Stressful job? Sure. Physically demanding? Absolutely. One of the worst jobs of the year? No way, says Bill Good, executive vice president of the National Roofing Contractors Association.
Although roofers do face a significant risk of injury on the job and are susceptible to fluctuations in the real estate market, they also receive pay of up to $30 an hour -- the Bureau of Labor Statistics reports that the average salary is $38,760 per year -- and the ability to break into their profession without taking on massive student debt. The BLS reports that job growth for roofers is expected to keep pace with other professions between now and 2020, but Good says the role of roofers is shifting.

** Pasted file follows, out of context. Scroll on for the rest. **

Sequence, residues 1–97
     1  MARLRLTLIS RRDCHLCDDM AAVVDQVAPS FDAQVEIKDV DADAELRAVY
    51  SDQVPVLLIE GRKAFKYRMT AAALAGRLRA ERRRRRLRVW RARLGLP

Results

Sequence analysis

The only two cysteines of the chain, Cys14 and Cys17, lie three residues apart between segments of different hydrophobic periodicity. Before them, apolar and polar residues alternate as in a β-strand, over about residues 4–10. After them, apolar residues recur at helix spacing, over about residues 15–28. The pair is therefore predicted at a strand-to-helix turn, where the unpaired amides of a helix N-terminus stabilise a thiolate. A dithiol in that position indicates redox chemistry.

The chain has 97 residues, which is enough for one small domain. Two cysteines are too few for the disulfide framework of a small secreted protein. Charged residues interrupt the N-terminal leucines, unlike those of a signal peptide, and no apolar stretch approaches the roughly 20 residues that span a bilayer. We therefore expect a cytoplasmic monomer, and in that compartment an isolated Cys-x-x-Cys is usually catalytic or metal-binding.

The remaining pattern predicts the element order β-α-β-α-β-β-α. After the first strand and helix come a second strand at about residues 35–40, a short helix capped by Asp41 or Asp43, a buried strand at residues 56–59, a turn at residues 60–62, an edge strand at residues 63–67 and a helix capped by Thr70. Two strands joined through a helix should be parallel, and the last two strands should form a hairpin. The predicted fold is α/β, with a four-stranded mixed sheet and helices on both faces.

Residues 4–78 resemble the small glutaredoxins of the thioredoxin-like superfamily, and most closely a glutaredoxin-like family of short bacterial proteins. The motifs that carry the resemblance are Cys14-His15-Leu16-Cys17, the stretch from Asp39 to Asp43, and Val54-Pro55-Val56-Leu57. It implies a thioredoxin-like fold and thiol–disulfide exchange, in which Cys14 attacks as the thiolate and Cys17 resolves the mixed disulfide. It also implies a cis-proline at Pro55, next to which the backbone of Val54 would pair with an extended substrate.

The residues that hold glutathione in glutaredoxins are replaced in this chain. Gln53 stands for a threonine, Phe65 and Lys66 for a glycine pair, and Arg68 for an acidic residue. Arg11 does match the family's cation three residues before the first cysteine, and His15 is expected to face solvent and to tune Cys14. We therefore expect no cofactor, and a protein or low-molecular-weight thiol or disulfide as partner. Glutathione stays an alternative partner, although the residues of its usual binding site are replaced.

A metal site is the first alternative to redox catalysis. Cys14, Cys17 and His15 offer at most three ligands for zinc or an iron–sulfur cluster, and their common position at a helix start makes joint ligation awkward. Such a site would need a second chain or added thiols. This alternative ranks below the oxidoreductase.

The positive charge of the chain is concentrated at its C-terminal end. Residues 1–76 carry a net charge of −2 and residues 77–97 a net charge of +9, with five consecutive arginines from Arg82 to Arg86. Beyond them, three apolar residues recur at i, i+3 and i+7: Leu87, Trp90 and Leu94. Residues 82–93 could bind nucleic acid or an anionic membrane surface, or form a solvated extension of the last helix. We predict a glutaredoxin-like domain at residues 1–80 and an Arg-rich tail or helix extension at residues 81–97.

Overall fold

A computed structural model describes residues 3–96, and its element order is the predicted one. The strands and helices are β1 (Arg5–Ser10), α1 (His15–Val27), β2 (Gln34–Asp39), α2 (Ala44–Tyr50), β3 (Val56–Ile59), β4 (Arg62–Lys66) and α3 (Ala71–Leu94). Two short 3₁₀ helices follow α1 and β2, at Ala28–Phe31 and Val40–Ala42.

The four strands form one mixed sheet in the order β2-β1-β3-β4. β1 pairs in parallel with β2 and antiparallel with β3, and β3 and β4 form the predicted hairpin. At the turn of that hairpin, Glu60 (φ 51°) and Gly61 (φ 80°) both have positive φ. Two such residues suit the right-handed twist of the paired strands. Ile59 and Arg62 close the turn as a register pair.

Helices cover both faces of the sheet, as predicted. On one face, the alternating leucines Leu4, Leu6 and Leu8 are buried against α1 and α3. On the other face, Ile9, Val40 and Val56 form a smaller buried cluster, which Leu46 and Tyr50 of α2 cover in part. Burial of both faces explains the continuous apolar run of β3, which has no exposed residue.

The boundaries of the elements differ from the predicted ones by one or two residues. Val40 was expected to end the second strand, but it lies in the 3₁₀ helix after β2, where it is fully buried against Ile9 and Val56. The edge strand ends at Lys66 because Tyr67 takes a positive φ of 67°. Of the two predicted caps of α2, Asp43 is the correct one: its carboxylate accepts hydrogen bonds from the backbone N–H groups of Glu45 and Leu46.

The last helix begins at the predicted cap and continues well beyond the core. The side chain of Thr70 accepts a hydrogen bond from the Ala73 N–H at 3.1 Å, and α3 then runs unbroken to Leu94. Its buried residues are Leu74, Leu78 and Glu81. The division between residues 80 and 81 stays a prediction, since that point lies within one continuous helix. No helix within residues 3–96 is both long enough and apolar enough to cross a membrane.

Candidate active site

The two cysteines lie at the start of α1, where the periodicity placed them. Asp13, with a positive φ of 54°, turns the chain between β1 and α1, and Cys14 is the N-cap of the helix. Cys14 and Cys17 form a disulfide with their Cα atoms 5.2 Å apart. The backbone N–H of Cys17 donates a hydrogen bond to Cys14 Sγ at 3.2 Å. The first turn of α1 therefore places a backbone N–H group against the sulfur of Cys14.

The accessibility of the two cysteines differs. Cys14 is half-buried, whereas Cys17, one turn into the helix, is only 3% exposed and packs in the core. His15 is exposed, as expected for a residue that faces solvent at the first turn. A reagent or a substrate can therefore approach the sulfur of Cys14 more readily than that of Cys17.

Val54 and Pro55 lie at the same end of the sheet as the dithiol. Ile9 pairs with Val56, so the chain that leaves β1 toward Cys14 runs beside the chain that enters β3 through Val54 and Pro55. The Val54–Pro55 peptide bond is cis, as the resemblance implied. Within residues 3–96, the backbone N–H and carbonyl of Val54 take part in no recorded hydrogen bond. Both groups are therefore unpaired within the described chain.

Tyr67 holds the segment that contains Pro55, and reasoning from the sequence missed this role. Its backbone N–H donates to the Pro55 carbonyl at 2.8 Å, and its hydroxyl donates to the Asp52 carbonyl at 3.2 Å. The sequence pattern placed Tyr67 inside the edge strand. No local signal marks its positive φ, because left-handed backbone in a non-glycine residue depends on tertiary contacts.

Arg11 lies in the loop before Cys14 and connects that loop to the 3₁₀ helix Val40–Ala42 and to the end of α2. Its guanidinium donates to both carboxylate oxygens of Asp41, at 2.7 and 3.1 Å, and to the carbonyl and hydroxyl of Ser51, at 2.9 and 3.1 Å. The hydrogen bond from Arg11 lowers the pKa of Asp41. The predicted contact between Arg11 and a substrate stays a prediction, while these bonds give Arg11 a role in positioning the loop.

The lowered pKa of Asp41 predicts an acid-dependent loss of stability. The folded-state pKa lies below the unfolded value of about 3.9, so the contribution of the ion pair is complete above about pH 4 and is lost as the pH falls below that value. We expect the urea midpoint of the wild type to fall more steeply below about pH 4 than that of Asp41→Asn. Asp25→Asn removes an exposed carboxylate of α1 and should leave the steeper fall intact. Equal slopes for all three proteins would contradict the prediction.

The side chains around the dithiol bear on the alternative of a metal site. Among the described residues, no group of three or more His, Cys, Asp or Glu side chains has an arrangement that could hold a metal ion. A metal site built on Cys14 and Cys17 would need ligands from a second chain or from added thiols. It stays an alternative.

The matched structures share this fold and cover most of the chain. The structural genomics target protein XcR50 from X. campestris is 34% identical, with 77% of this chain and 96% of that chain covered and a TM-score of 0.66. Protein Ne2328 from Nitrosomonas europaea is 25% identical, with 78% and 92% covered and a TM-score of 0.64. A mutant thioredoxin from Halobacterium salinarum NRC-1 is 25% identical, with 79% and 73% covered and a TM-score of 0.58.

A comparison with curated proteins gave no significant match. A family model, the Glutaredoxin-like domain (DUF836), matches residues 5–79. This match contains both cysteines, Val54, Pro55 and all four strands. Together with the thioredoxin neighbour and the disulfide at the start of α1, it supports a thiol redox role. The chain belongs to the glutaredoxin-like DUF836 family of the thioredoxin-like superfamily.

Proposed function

"We, probably as an industry, are more responsible for energy conservation in building than any other industry," he says. "We're now doing things like putting solar panels on roofs. We're putting gardens on roofs."
Roofing follows the construction markets, Good says, which means jobs are growing in places such as Texas that are affected by hurricanes and hail and in spots where solar markets are burgeoning. Those who exit the field can use their skills in a related construction or solar-energy field, he says.